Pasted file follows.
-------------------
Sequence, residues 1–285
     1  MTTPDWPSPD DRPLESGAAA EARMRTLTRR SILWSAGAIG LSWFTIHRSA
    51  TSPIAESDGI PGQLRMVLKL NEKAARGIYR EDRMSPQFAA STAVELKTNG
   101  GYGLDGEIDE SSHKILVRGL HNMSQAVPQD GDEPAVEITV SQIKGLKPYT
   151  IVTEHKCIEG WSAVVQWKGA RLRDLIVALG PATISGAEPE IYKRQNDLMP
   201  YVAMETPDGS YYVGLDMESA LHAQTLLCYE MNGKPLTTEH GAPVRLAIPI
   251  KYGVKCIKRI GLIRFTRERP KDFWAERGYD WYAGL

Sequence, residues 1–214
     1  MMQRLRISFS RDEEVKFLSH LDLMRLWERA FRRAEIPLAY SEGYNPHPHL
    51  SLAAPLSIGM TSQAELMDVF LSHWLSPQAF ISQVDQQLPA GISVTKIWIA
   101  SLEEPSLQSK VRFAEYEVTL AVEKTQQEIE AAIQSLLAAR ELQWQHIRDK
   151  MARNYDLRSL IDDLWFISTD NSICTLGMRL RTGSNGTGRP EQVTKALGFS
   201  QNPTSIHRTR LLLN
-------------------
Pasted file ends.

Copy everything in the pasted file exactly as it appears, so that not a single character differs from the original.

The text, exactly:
Sequence, residues 1–285
     1  MTTPDWPSPD DRPLESGAAA EARMRTLTRR SILWSAGAIG LSWFTIHRSA
    51  TSPIAESDGI PGQLRMVLKL NEKAARGIYR EDRMSPQFAA STAVELKTNG
   101  GYGLDGEIDE SSHKILVRGL HNMSQAVPQD GDEPAVEITV SQIKGLKPYT
   151  IVTEHKCIEG WSAVVQWKGA RLRDLIVALG PATISGAEPE IYKRQNDLMP
   201  YVAMETPDGS YYVGLDMESA LHAQTLLCYE MNGKPLTTEH GAPVRLAIPI
   251  KYGVKCIKRI GLIRFTRERP KDFWAERGYD WYAGL

Sequence, residues 1–214
     1  MMQRLRISFS RDEEVKFLSH LDLMRLWERA FRRAEIPLAY SEGYNPHPHL
    51  SLAAPLSIGM TSQAELMDVF LSHWLSPQAF ISQVDQQLPA GISVTKIWIA
   101  SLEEPSLQSK VRFAEYEVTL AVEKTQQEIE AAIQSLLAAR ELQWQHIRDK
   151  MARNYDLRSL IDDLWFISTD NSICTLGMRL RTGSNGTGRP EQVTKALGFS
   201  QNPTSIHRTR LLLN